From what I know of Big Pharma, I'm not really surprised. Companies are frequently given a mild slap on the hand and get off with a promise to report themselves for breaking any more regulations. And knowing Mitt Romney's worship of the marketplace, of course he doesn't want to regulate businesses, so that doesn't surprise me, either. But you'd think that one or two of the mainstream media might want to point this out for the people who don't already know:
The fatal meningitis epidemic sweeping the United States can now be traced to the failure of then-Gov. Mitt Romney to adequately regulate the Massachusetts pharmaceutical company that is being blamed for the deaths.
At least 344 people in 18 states have been infected by the growing public health crisis and 25 have died so far.
But the epidemic may also play a role in the presidential campaign, now that state records reveal that a Massachusetts regulatory agency found that the New England Compounding Co., the pharmaceutical company tied to the epidemic, repeatedly failed to meet accepted standards in 2004 — but a reprimand was withdrawn by the Romney administration in apparent deference to the company’s business interests.
“It goes all the way up to Mitt Romney,” said Alyson Oliver, a Michigan attorney representing victims of the outbreak. According to Oliver, on at least six occasions, NECC was cited by authorities for failure to meet regulatory standards and almost subjected to a three-year probation. “It goes directly to the heart of what Romney says about regulation, ‘Hands off. Let the companies do their thing.’”
“When the person who is supposed to be in charge of oversight does not believe oversight is necessary, this is what happens,” Oliver added.
“The philosophy of the Romney administration was to have lax regulations across the board,” Philip Johnston, a former secretary of health and human services in Massachusetts before the Romney administration, told Salon. “It speaks volumes about the tragic outcome of Romney’s view on regulatory issues. There are two dozen people who died needlessly. It was clearly the responsibility of the company to protect them, but it was also the responsibility of the government at various levels, and, as far as I’m concerned, they failed.”
On Oct. 28, Rep. Ed Markey, D-Mass., called for “a full investigation” into the regulatory issues that led to the epidemic. “There’s a regulatory black hole here,” he said, “but the full assessment of responsibility, state to federal, is ongoing. We need to know everything.”
The owners of NECC have made campaign donations both to Romney and to Massachusetts Republican senatorial candidate Scott Brown, Salon has learned.
[...] Meanwhile, the Massachusetts Department of Health released documents dating back more than a decade that revealed a series of regulatory citations involving NECC.
In 2002, the Food and Drug Administration filed a confidential report alleging that two patients had suffered “adverse effects” after injections of an NECC compounded betamethasone repository, a steroid that is different from the one under scrutiny in the current epidemic. A few months earlier, New York resident William Koch became ill with bacterial meningitis after receiving injections of the steroid. According to an AP report, NECC settled a lawsuit in the case after he died in 2004.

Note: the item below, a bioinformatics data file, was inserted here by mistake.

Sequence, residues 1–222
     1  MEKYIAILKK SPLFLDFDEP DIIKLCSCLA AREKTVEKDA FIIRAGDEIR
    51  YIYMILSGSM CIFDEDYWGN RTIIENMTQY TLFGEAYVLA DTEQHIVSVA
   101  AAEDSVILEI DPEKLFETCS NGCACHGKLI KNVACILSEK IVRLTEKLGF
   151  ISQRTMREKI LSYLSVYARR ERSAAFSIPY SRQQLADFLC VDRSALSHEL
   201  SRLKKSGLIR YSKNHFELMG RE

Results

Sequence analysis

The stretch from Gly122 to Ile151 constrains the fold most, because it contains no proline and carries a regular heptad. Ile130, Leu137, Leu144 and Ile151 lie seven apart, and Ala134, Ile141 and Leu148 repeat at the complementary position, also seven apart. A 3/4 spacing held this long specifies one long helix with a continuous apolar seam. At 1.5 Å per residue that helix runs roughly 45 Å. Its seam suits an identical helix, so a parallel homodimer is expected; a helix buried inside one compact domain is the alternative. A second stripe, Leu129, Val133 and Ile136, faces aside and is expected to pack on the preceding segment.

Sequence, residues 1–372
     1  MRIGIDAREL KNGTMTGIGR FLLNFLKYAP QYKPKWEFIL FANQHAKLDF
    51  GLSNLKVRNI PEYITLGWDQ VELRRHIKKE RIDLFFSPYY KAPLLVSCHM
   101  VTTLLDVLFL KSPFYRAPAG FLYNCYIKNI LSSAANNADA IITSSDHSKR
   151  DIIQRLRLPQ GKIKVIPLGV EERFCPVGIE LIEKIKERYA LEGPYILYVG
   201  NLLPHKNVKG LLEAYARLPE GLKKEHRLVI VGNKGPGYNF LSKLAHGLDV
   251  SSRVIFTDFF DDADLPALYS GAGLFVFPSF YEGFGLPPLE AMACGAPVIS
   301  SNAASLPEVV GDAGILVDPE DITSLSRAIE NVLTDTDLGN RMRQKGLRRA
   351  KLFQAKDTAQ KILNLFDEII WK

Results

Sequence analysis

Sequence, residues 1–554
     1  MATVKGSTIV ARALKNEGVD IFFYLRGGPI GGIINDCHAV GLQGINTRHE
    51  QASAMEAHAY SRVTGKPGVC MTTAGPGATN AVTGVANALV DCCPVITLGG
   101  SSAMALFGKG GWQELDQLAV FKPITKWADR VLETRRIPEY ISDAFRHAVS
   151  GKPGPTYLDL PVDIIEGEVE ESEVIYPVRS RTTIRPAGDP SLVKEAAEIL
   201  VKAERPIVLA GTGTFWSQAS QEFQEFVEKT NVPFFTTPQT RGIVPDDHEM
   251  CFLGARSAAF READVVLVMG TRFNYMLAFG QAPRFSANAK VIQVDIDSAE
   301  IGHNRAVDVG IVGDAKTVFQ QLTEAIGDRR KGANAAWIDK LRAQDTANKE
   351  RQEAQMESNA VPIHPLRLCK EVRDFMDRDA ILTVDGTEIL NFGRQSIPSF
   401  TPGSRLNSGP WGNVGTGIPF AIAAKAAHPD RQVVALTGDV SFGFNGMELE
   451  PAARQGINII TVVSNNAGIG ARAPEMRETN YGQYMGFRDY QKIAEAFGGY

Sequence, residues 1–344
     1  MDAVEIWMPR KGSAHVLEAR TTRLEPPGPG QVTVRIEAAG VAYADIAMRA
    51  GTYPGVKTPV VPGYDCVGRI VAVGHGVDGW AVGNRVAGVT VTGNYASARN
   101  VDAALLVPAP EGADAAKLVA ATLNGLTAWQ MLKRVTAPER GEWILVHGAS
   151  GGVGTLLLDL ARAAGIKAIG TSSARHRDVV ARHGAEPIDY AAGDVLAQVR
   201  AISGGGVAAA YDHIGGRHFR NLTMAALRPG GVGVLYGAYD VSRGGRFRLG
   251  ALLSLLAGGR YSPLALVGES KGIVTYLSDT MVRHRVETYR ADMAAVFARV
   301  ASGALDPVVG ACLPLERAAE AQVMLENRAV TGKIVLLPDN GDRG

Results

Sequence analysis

In all, Massachusetts state records revealed that between 2003 and 2006, there were six complaints regarding NECC and its co-owner, Barry Cadden. At least one of these complaints alleged that NECC’s methylprednisolone acetate failed to comply with pharmaceutical standards. This is the same drug involved in the current epidemic.
In October 2004, the Massachusetts Board of Registration in Pharmacy, a state regulatory agency reporting to Gov. Romney, offered to let NECC enter into a consent agreement that would have acknowledged professional misconduct by NECC warranting disciplinary action, a public reprimand and three years probation.
But in a letter dated Nov. 11, 2004, Paul Cirel, an attorney for NECC, argued that such disciplinary action would be “potentially fatal” to NECC’s business. In a footnote, he asserted, “Once disclosed, the reprimand will surely result in investigations/inquiries/investigations in those other jurisdictions. Regardless of the derivative actions taken, the attendant legal and administrative costs will be devastating.”
The letter added that instead of having the state monitor the company, NECC would be willing to “bear the burden of cost and monitoring and reporting compliance” in exchange for a non-disciplinary resolution.
The Board of Registration subsequently dropped the reprimand. Meanwhile, in 2005, NECC was the subject of another complaint. Nevertheless, the Board of Registration went forward with a Consent Agreement that was, according to Oliver, “even more advantageous to the company than was requested by NECC.”
The term of the “probation” would be one year, not three, and it was to be a non-disciplinary agreement that would not be reported to the National Association of State Boards of Pharmacy or other outside agencies.
Subsequently, in 2006, NECC was effectively permitted to monitor itself simply by assuring the board it was in compliance with all procedures. In a May 22, 2006, letter obtained by Salon, NECC co-owner Barry Cadden wrote the board a short letter saying, “I am pleased to report that the following actions have been completed” regarding several safety precautions.
“Romney was responsible for these agencies,” said Oliver, who is the lead attorney attempting to consolidate the meningitis cases. “They reported to him.” She added that under Chapter 13, Section 22 of the General Laws of Massachusetts, members of the Board of Registration in Pharmacy are appointed by the governor.